Numerous prospects in health technology say analysts
Medical devices and imaging technology have been included in a recent analysis of the top 50 most innovative technologies.
Frost & Sullivan’s (F&S) latest TechVision programme suggests that the healthcare sector will profit from the wearables realm but also even from 3D printing technology – such as making customised wound healing possible through 3D printed skin.
Improved reality technologies adapted with wearable electronics will also offer an enhanced user experience, according to the findings.
“Knowing a cool technology is one thing, knowing what to do with it is another. It is easy for companies to get caught in a trap of the latest fad that never leads to business ROI,” says F&S practice director for Technical Insights Europe, Ankit Shukla.
“Therefore, it is crucial to identify and innovate your business model with more accuracy and build new concepts for stronger stakeholder return.”
The analysis estimates that in the next five years, the global top 50 technologies will generate a combined market potential of $2.8 trillion. The popularity and importance of these types of technologies will soar by 2020.
In 2013 alone, the global R&D investment for these top 50 technologies accumulated more than $120 billion according to F&S. Shukla explains that technological advancements might be a frightening prospect to some companies, but embracing them and tapping into convergence possibilities will yield a distinct advantage.
One such fruitful pharma foray could well come from AstraZeneca for example, who this month acquired Definiens, a German company that has pioneered cancer imaging and data technology.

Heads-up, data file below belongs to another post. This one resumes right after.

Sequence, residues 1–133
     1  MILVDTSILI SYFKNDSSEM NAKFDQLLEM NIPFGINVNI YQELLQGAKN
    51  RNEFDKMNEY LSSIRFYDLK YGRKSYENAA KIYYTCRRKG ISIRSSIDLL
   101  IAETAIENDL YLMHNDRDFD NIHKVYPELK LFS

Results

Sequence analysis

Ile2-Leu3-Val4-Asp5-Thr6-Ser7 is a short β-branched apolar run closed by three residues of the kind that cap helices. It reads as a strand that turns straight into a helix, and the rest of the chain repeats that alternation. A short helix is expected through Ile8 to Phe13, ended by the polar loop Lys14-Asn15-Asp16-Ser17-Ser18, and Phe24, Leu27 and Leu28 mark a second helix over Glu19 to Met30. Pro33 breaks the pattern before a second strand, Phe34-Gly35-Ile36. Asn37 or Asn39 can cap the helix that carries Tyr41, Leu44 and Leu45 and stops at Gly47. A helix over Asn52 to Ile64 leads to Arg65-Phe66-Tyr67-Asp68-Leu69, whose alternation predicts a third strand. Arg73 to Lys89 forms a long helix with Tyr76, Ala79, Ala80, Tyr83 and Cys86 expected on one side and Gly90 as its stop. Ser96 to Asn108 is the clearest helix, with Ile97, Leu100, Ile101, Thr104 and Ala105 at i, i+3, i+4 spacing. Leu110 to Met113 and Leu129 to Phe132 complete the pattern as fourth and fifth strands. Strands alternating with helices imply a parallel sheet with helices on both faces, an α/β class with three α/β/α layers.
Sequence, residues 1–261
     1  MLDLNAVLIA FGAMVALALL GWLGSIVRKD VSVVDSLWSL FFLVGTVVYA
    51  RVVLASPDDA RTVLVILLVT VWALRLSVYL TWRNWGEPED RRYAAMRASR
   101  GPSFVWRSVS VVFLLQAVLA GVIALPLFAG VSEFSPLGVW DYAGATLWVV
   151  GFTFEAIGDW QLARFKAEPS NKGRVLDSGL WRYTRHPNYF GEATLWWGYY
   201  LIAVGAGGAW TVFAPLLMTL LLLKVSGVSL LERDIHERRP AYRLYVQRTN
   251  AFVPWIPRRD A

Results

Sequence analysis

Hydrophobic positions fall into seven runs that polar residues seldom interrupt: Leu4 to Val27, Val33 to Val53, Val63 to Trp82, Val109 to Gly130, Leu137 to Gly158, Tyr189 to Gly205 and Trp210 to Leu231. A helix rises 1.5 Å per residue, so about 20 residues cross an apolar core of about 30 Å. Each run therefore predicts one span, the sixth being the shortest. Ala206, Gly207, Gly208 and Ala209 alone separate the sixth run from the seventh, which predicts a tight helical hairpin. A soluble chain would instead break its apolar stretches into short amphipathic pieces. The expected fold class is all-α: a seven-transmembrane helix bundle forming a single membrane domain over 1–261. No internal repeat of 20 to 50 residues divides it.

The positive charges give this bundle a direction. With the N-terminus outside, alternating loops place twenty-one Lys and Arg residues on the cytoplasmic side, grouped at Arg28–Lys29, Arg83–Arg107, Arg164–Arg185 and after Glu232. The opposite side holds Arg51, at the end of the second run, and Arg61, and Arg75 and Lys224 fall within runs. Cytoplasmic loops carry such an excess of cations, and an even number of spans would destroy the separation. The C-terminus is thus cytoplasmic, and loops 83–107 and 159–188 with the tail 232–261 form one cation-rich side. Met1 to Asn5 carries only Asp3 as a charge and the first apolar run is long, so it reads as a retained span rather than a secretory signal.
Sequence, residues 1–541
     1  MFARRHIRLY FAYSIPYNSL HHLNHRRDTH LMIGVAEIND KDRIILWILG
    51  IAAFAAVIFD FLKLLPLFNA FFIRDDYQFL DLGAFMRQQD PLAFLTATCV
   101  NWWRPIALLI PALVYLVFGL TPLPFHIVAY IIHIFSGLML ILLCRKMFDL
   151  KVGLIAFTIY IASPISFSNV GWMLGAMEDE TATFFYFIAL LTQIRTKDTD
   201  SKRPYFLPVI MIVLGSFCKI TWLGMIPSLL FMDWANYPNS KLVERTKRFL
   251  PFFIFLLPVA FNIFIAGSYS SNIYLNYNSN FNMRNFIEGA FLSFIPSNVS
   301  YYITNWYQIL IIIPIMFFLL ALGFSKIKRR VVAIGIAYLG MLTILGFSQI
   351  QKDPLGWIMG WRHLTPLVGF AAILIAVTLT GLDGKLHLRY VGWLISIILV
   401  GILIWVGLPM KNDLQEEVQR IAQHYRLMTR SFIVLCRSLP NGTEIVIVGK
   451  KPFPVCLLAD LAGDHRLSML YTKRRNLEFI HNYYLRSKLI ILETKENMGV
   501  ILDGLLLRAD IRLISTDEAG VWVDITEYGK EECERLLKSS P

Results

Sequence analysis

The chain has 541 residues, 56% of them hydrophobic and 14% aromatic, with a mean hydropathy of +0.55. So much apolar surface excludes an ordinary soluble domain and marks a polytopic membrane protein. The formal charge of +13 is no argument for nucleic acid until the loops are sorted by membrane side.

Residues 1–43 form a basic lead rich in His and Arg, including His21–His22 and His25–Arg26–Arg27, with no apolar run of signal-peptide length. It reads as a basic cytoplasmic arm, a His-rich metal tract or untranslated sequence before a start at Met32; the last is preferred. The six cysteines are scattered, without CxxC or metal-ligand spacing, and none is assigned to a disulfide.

In a deal worth $150 million the UK’s second largest pharma firm has boosted its cancer immunotherapy offerings whilst also acquiring a company that is able to compete in this lucrative digital technology market.
Digital health in the mainstream
In a recent interview with The Guardian newspaper, Syed Abrar, founder of Buddy app – a digital tool to support therapy services – explains that he wants the wider community to benefit from any development of these types of new technologies.
Abrar says: “I would like to see technology benefit from the experience and human support that professionals can best provide. My end goal was to produce a product that benefits society and reduces stigma, improves access and engagement.”
Another technology able to bolster the healthcare sector is the emergence of wearable devices which are of course being manufactured by the likes of Samsung, Motorola, Sony and now Microsoft who released its own device in October.
This is a growing market worth $2 billion, and a recent survey by PwC reported that around 80% of the people it asked said an important benefit of wearable technology is its potential to make healthcare more convenient.
But there are still concerns regarding data security, with many consumers stating that invasions of privacy and vulnerability are high on their growing list of worries about the equipment. It was also found that more than 90% of apps directly related to healthcare on the Apple iTunes app store had limited functionality.
There is no doubt that the sector can profit and improve services through new and innovative digital technologies, the only concern for the industry now is how it will indeed foster these advances.
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